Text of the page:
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What "writing" books do you have in your personal library?

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mclicious
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I just realized I only read book son writing by authors I haven't previously read. The only exception I can think of off the top of my head is Patricia Reilly Giff, whose book on writing I read when I was a child. But allt he other writing books I've read in recent memory are just writing books by people I've heard of but not read--ON WRITING by Stephen King, BIRD BY BIRD by Anne Lamott, and WRITE AWAY by Elizabeth George. Does anyone else do that?
#61 - January 19, 2008, 11:38 PM

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Me too -- the same ones you mentioned

I didn't know that Patricia Reilly Giff wrote one - have to check it out! 
#62 - January 20, 2008, 06:29 AM

Catherine M

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In addition to those mentioned already--especially the Donald Maass book--I love William Goldman's Adventures in the Screen Trade and Sherrilyn Kenyon's Character Naming Sourcebook.

Catherine
#63 - January 20, 2008, 12:18 PM

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Many of my favorites are repeats (N Lukeman, A Dillard, EM Forster). But one of my favorites wasn't mentioned (unless I missed it) -- On Becoming a Novelist by John Gardner. I love his concept of "the vivid and continuous dream."

Many of my favorite craft books are repeats too (Eats, Shoots and Leaves, Kenyon's naming book, Mogilner's age-level word book) but I think my all-time favorite is Grammatically Correct by Anne Stilman. She covers everything (you're not left saying, "Well, she didn't answer that" -- at least I'm not) and entertains you while doing it. And I must cast a big, big vote for Word Magic by Cindy Rogers. Most I've learned from any book on language since I was a really green newbie.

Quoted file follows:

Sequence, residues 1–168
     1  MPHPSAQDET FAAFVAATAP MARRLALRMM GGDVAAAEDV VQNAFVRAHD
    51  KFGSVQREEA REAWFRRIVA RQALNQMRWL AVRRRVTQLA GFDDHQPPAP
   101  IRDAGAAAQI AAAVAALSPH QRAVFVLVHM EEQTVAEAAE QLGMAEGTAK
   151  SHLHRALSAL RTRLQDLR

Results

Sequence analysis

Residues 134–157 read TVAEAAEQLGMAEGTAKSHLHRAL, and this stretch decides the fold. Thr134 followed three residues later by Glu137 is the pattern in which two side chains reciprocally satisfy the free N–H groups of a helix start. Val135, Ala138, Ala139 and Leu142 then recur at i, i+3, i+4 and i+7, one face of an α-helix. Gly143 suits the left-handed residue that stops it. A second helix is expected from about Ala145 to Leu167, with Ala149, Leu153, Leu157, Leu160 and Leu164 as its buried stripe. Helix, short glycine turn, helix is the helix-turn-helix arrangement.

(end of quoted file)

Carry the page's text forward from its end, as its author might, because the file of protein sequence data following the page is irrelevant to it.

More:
#64 - January 20, 2008, 01:19 PM
Adventures of Jenna V. Series
Caroline Grade Mysteries
The Journey of Emilie
Anne Bradstreet: America's Puritan Poet
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SproutQ

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First post here; hope it comes out okay.

I have to second the recommendation for On Becoming a Novelist by John Gardner, as well as for Ursula Le Guin's Steering the Craft, which is a writing course in a book, really.  For sheer amusement and inspiration, though, I love Dear Genius, Leonard Marcus's compilation of the letters of the great children's editor, Ursula Nordstrom.  My favorite is the letter to John Steptoe's mother asking her to urge him to hurry up with his next manuscript.
#65 - January 31, 2008, 05:31 PM

Mrs O

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I started out as an aspiring screenwriter (my MG novel is based on one of my spec scripts).  The best book I've ever read about writing is Creating Unforgettable Characters by Dr. Linda Seger.  Although most of Dr. Seger's books center on screenwriting, this one is great for any fiction writer.  This book really inspired my approach to character development, and how it relates to the plot.  I haven't read it in about 10 years, so now I'm contemplating a re-read for a refresh...!